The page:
An embassy from the Mongol Khan had come to Avignon in 1338, asking that the Pope send to China another religious to take the place of John of Montecorvino, another Franciscan. One of those sent was the Florentine John de Marignolli with a number of companions. The journey from Avignon to Peking took him three and a half years.  He was en route home to Avignon by Easter of 1438, in southern India and Sri Lanka. He reached the Papal court in 1353, there to present a letter from the great Khan to the new Pope, Innocent VI.  I have often had reason to mention Marignolli, his companions and his predecessor, John of Montecorvino, but I have not thought that the evidence warrants argument for any direct attribution to these Franciscans. For details of earlier mentions, search Marignolli’s name and that of Montecorvino in this blog.


detail of a stamp issued in 2010 commemorating Francesco Datini

detail of a stamp issued in 2010, commemorating Francesco Datini

Fleck’s account of the Avignon papal libraries mentions another person who has already been the subject of a couple of my posts – the merchant Francesco de Marco Datini from Prato (c. 1335–1410). 

Fleck tells us that Datini’s inventories (he had three shops in Avignon) reveal, together with other legal documents and letters [5], that in Avignon Datini had,

a well-established trade in staple and luxury goods ..from about 1363 to 1410. Though not necessarily a major merchant in the city, … he provided the popes and their court with [goods including] chalices, crosses, miters, paintings, plates, buttons, rings, linens, leather saddles, cups, forks, belts, and goblets. Armor and metal for arms-making was a part of his import business.[6

He also dealt in gems and precious textiles, as well as in nails and hammers. As Luciana Frangioni discusses, a large number of items in his shop were “prodotti di successo internazionale,” [which] had a specific place of origin, method of production, brand, or producer…. Francesco Datini was [also] a textile merchant. Anne Wardwell examines papal inventories to find numerous silks, the luxury cloth par excellence, imported from the East. By the 14th century, Italian and new Spanish workshops also provided silk cloths to western Europe. [Silks imported] to Europe from central Asia and beyond offered [artistic] inspiration.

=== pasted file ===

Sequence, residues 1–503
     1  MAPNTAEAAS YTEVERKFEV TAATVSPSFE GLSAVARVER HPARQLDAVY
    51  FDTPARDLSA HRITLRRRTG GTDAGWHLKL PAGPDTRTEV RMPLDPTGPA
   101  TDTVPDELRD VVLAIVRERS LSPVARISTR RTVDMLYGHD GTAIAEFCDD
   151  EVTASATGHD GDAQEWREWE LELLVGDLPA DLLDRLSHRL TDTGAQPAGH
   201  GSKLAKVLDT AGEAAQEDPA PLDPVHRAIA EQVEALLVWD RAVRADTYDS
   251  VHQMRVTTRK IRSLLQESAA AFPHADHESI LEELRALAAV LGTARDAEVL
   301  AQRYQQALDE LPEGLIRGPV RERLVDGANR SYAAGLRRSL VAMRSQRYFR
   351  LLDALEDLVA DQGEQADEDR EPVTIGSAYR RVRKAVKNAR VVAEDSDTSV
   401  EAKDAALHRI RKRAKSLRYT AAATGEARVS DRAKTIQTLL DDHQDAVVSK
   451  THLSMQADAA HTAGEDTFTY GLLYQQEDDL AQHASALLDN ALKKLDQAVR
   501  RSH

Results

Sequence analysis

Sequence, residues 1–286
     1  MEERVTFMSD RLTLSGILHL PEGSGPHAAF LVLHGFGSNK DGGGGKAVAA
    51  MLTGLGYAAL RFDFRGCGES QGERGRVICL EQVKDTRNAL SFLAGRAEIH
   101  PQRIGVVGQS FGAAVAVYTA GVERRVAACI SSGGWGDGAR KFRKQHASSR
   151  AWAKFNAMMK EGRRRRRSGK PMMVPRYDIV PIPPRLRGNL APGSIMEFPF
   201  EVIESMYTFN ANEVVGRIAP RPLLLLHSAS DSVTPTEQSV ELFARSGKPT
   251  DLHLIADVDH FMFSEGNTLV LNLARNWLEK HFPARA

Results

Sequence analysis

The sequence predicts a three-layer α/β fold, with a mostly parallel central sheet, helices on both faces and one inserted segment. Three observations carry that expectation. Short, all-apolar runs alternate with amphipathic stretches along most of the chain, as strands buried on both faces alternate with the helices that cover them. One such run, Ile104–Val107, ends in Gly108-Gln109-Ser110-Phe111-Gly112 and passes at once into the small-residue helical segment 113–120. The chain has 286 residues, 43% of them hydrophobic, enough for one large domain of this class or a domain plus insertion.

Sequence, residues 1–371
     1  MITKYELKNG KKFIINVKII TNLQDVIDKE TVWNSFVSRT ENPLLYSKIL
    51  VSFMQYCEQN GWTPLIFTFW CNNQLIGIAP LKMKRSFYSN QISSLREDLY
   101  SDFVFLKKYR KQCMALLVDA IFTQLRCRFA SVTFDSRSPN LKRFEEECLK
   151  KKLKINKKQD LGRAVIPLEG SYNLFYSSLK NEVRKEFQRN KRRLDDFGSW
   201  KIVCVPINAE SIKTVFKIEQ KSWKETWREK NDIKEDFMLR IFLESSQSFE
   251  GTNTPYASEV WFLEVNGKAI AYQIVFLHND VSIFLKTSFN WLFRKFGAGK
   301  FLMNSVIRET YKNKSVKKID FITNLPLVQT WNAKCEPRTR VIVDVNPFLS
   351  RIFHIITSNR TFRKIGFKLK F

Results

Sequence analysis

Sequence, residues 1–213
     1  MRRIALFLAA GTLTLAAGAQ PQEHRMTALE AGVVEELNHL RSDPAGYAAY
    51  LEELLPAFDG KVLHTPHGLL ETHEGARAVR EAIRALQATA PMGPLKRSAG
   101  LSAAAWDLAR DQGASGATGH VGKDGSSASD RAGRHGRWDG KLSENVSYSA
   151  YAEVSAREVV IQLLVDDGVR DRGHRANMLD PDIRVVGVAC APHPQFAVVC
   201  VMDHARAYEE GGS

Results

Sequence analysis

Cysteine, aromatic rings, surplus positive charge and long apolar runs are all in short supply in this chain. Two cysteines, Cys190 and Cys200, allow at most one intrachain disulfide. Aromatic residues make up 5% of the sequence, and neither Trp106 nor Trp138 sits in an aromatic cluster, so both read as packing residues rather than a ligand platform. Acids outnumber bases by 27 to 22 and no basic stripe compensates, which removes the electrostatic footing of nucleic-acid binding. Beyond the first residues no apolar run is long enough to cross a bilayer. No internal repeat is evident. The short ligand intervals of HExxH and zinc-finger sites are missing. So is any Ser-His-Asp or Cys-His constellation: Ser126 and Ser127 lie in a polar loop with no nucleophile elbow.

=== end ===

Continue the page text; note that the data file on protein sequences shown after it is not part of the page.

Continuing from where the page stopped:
On Datini’s return to Prato from Avignon, where he had managed over a number of years to parlay a few florins into a fortune, Datini had constructed the largest mansion and business-house in his native city.   Its interior decoration, and especially its hunt scenes, closely echo those remaining from the earlier period of the Avignon papal court, when Matteo Giovannetti had served as court painter.  We know so much about Datini’s commercial activities and about his times, because his records [7] were walled up in an old stairwell of his house where they remained until the end of the nineteenth century.  They tell us that the idea for his palazzo germinated while he was still in Avignon; that the work continued over many years, and that one pair of artists lived in-house for three months working (as their own lists of work completed tell us) in mosaic, fresco and metalwork.  The image below shows part of the ceiling within Datini’s private office.

Datini shields

illustration from: Bruce Cole, ‘The Interior Decoration of the Palazzo Datini in Prato’, Mitteilungen des Kunsthistorischen Institutes in Florenz, Vol.13, No. 1/2 (Dec., 1967), pp. 61-82.

(Notice how the “starry” ground is represented by small crosses. The Datini shield had red stripes on white/silver. It is seen in Fra Lippo Lippi’s “Feast of Herod” ).